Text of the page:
Sad Purple and Mauve: A History of Dye-Making

September 15, 2023-January 15, 2024
Eberly Family Special Collections Exhibition Gallery

Dye-making is an interdisciplinary enterprise. Artists, bookmakers, botanists, chemists, doctors, druggists, farmers, foragers, homemakers, miners, tavern keepers, and weavers, amongst others, have participated in the long history of imbuing our environments and possessions with color.

Dyes on books, clothing, fabrics, furniture, and paper have played an essential role in distinguishing social affiliations and economic class. A faded dye can make clothing seem shabby or fashionable. A slight color shift on a flag or official garment can be a political statement. Explorations of the social and material aspects of textile and paper dye-making, therefore, relate to larger questions of power and authority: to exploit lucrative dye markets, people have invaded countries and enslaved people; many present–day pharmaceutical companies first began as dye companies; and modern dye technology is entwined with the history of coal and other fossil fuels.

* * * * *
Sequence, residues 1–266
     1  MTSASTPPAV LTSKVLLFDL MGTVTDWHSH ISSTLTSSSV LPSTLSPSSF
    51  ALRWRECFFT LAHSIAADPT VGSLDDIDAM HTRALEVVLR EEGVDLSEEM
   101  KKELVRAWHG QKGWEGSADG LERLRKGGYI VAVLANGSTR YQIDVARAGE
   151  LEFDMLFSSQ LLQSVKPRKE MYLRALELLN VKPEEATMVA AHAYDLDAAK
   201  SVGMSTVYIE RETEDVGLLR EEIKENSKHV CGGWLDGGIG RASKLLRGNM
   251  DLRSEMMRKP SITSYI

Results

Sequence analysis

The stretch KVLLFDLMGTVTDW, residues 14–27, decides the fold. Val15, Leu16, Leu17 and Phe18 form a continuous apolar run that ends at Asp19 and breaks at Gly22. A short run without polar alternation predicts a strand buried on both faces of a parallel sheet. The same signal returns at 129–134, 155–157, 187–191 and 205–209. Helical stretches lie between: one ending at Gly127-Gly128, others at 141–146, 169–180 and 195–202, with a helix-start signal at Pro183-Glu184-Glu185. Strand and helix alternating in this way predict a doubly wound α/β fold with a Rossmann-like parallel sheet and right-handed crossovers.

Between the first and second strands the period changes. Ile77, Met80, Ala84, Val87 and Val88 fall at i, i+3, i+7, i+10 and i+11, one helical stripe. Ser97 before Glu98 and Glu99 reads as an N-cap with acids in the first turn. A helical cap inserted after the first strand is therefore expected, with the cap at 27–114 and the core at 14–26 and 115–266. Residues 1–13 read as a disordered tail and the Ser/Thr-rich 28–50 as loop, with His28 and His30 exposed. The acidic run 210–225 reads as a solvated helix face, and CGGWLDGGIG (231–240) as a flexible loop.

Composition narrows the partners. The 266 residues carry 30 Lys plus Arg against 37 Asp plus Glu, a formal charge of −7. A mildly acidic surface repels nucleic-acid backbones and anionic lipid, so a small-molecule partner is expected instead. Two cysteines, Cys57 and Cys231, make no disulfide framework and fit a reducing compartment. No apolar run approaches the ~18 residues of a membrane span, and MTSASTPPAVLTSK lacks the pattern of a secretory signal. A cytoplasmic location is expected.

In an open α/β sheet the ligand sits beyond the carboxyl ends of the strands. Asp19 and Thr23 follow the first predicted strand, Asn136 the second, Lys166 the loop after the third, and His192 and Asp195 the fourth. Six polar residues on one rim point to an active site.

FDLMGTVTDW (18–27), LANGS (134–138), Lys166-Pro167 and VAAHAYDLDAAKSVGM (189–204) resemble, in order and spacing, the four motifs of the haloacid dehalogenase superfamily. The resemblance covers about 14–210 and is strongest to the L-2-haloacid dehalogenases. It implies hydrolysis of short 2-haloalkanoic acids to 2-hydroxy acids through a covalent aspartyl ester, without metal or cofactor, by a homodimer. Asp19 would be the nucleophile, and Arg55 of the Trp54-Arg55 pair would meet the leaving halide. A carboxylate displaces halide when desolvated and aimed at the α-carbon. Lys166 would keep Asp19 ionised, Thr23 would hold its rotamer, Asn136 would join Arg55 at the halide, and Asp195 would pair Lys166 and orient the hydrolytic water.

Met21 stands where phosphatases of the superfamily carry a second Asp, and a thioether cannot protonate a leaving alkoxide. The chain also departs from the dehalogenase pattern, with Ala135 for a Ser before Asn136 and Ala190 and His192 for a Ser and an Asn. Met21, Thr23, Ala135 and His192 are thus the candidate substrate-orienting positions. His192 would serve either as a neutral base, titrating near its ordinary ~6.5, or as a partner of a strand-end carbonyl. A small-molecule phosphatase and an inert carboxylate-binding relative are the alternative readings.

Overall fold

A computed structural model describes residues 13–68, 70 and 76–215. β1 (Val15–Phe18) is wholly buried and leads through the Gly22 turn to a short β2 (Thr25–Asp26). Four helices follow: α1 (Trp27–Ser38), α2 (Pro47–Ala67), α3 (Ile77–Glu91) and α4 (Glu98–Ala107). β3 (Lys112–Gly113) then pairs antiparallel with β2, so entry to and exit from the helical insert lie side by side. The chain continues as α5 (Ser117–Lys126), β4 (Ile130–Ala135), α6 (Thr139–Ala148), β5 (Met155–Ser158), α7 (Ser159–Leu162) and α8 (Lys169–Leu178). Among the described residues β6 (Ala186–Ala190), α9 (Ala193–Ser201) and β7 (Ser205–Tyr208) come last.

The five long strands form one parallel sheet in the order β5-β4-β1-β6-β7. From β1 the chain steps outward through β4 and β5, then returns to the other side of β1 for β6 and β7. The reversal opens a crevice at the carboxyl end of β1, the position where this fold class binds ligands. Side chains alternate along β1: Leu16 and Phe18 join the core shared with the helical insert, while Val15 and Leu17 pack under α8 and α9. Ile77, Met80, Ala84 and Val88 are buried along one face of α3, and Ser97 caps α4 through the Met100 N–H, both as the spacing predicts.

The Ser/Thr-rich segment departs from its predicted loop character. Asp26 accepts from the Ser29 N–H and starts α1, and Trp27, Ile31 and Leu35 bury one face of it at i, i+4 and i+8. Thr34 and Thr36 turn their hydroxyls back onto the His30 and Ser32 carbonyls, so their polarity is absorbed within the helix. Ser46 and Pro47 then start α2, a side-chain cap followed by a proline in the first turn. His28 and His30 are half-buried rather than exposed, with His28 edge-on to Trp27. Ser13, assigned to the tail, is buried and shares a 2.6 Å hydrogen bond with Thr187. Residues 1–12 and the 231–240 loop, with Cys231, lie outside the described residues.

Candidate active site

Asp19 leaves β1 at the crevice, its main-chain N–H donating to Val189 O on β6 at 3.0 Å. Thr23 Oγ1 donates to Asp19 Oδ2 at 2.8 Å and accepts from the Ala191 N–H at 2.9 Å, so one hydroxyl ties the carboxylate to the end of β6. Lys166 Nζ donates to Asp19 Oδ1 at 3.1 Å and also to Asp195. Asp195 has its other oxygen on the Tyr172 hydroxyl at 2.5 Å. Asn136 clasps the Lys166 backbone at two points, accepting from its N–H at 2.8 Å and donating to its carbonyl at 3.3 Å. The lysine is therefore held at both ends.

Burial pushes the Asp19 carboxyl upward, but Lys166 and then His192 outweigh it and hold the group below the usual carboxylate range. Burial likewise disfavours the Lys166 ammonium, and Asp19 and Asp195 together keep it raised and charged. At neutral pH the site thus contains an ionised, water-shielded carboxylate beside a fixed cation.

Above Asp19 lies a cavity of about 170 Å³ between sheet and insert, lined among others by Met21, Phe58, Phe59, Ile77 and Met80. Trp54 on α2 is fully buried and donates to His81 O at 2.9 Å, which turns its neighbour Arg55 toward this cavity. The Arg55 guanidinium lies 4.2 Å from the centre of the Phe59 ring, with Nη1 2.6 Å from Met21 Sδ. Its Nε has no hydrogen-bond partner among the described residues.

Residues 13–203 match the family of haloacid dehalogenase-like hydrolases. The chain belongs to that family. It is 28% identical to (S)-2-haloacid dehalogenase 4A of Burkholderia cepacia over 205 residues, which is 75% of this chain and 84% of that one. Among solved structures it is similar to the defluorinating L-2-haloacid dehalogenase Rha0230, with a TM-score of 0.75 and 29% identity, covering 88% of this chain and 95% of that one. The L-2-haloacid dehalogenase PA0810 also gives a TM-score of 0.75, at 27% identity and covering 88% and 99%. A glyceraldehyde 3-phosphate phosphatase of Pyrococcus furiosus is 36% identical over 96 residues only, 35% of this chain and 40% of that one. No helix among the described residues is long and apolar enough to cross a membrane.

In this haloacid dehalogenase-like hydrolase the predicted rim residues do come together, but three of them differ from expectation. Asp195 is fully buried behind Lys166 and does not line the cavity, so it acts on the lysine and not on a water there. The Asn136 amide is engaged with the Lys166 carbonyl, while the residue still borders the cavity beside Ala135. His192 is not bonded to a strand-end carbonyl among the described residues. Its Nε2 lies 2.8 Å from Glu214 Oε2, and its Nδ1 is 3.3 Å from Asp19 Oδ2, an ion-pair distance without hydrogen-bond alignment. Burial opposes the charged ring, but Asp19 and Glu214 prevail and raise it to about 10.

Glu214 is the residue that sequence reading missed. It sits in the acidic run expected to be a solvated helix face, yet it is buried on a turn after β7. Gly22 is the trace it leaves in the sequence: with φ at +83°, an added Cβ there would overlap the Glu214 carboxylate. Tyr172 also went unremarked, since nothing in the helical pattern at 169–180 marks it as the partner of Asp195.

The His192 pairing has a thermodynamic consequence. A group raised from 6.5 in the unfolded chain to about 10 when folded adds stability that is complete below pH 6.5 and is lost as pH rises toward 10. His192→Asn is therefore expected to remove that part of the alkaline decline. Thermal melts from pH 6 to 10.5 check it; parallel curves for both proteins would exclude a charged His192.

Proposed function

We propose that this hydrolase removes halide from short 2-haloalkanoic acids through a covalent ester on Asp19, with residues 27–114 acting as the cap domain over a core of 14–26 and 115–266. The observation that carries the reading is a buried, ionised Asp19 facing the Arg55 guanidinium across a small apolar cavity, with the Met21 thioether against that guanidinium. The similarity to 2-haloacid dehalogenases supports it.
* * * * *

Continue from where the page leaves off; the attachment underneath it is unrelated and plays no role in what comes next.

Taking a sweeping view, the items span centuries, from the 6th-century to the present, and represent cultures across the world: American, French, Indonesian, Japanese, Mexican, Malian, Scottish, Syrian, and others. They highlight the natural and synthetic materials and processes that can be used to create color, as do the lists and images on the walls.

Most works are from the Eberly Family Special Collections Library, with loans from the Matson Museum of Anthropology, The Palmer Museum of Art, and a private collection. 

Read the University Libraries press release "Libraries Opens Collaborative Exhibition"